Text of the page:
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Psychosocial Factors and Plasma Lipids in Black and White Young Adults: The Coronary Artery Risk Development in Young Adults Study Data

Knox, Sarah S. PhD; Jacobs, David R. PhD; Chesney, Margaret A. PhD; Raczynski, James PhD; McCreath, Heather MA

Original Article

These analyses examined the relationship between fasting plasma lipids and several psychosocial factors in a healthy cohort of 5115 black and white men and women between the ages of 18 and 30.Primary analyses were performed within race/gender subgroups and were supplemented with analyses examining consistency of associations across these groups. After controlling for age, high density lipoprotein (HDL) decreased, triglycerides increased, low density lipoprotein (LDL) increased, and the total cholesterol/HDL cholesterol ratio increased with increasing level of education in black men. This pattern is, in general, opposite to that found in other groups, particularly white women, whose lipid profile was found to be less atherogenic the higher the education. These associations were strongly confounded with health behaviors. There was also a positive association between hostility and triglycerides in women but not in men. No significant association with any plasma lipid for either race or gender was found for Type A behavior, social support, or life events. Despite a narrow plasma lipid range in these young adults, these data support the conclusion that increasing education is associated with a less atherogenic plasma lipid profile, except in black men, for whom education is associated with a less favorable plasma lipid profile. Among other psychosocial factors, the only consistent finding was an inverse association between hostility and triglycerides in women.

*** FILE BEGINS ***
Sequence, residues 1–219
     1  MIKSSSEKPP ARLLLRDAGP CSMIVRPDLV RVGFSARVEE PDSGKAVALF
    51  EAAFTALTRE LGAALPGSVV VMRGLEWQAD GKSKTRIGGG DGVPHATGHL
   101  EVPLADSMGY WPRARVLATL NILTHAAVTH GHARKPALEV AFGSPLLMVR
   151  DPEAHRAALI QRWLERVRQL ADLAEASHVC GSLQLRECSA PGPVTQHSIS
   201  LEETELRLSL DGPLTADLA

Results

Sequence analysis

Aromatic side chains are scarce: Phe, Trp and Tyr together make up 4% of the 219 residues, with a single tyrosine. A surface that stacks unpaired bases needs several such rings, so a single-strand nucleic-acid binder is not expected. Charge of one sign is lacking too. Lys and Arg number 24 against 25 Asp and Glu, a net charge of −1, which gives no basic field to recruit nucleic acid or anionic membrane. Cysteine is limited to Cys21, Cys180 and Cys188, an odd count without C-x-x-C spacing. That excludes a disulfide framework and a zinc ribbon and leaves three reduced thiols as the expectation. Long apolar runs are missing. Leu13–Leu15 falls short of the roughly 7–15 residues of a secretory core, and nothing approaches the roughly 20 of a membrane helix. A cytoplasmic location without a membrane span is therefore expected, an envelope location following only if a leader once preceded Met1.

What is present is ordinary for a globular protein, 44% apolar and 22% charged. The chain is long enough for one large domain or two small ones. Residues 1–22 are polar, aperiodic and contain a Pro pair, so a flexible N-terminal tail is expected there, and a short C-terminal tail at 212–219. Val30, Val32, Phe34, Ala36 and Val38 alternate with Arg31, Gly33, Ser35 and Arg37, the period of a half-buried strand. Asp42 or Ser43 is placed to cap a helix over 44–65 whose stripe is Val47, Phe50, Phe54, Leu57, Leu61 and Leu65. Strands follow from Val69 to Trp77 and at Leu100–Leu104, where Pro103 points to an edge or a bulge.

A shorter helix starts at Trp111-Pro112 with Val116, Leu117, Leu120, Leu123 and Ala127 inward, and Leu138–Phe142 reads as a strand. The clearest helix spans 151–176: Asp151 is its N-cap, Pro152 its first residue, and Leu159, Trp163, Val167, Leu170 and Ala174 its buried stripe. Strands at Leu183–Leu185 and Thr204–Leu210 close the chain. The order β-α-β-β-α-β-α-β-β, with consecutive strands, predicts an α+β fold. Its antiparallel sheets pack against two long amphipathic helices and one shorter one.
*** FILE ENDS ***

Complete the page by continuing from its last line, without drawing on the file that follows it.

From the Division of Epidemiology and Clinical Applications, the National Heart, Lung, and Blood Institute, Bethesda, Maryland (S.S.K.); Division of Epidemiology, University of Minnesota, Minneapolis, Minnesota (D.R.J.); Division of General Internal Medicine, University of California, San Francisco, California (M.A.C.); and Division of Preventive Medicine, School of Medicine, University of Alabama, Birmingham, Alabama (J.R., H.M.).

Address reprint requests to: Sarah S. Knox, PhD, National Heart, Lung, and Blood Institute, Behavioral Medicine Scientific Research Group, II Rockledge Center, Rm 8120, 6701 Rockledge Drive, Bethesda, MD 20892-7936.

Received for publication July 21, 1994; revision received September 21, 1995.

Copyright © 1996 by American Psychosomatic Society
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